Hundreds of dead, injured animals found on Massachusetts property

Authorities in Massachusetts discovered hundreds of dead and injured animals, makeshift cabins, burning trash and illegal stoves on a 70-acre property Tuesday.

Westport police and Dartmouth officers searched a portion of the Westport land and found three goats that had to be euthanized, dead sheep and several other sick or injured farm animals in “deplorable conditions.”

Authorities said the investigation started last week after a man reported that his goats had been attacked by two Rottweilers. The dogs had been found in poor condition after escaping an “unsanitary enclosure.”

Authorities said they found between 600 and 800 animals in “dire health.”

“This is the worst I’ve ever seen, as far as scale and conditions,” lead veterinarian for the Animal Rescue League of Boston Kyle Quigley said Wednesday, according to the Boston Globe.

According to WCVB-TV, the Animal Rescue League of Boston said that 7 dogs, 3 cats, 5 goats, a pig, a goose and 33 rabbits were taken into their care. At least four goats and one pig were euthanized.

Westport police detective sergeant Tony Cestodio said the property is divided into 20 lots and is managed by individual tenants. Most of the tenants who raise livestock for sale or personal consumption had neglected their lots and animals.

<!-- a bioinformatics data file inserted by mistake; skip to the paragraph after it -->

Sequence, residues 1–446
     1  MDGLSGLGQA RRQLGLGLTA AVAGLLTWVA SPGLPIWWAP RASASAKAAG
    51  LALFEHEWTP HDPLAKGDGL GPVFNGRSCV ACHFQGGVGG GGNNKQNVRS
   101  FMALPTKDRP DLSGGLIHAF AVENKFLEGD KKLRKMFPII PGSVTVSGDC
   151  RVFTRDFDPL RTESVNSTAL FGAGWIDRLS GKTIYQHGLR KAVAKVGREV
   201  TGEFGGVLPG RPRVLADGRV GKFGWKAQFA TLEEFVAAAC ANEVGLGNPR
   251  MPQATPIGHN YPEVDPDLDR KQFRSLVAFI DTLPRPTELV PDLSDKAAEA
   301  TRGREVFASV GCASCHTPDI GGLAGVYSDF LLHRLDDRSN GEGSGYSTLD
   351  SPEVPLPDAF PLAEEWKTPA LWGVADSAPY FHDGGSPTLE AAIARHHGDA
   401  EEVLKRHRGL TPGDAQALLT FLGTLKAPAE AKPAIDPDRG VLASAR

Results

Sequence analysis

“They clearly don’t care,” he added. “They don’t care about the condition of the animal; they don’t care about the condition of the lot.”

Police identified the owner as Richard Medeiros, of Westport. He was charged in a similar animal cruelty incident six years ago.

“It’s the same property, same issues,” Westport Police Detective Jeffrey Majewski said. “It’s just as bad.”

Cestodio said that Medeiros and the other tenants will likely face criminal charges. The tenants will only be allowed on the property to feed their animals under police supervision, according to the Globe.

Cestodio said he hopes that the penalties for Medeiros will face stiffer penalties since he’s a repeat offender.

"I'd like this to stop," he added. "Stop bringing animals up here and neglecting them. No animal should live like that."

The Associated Press contributed to this report.

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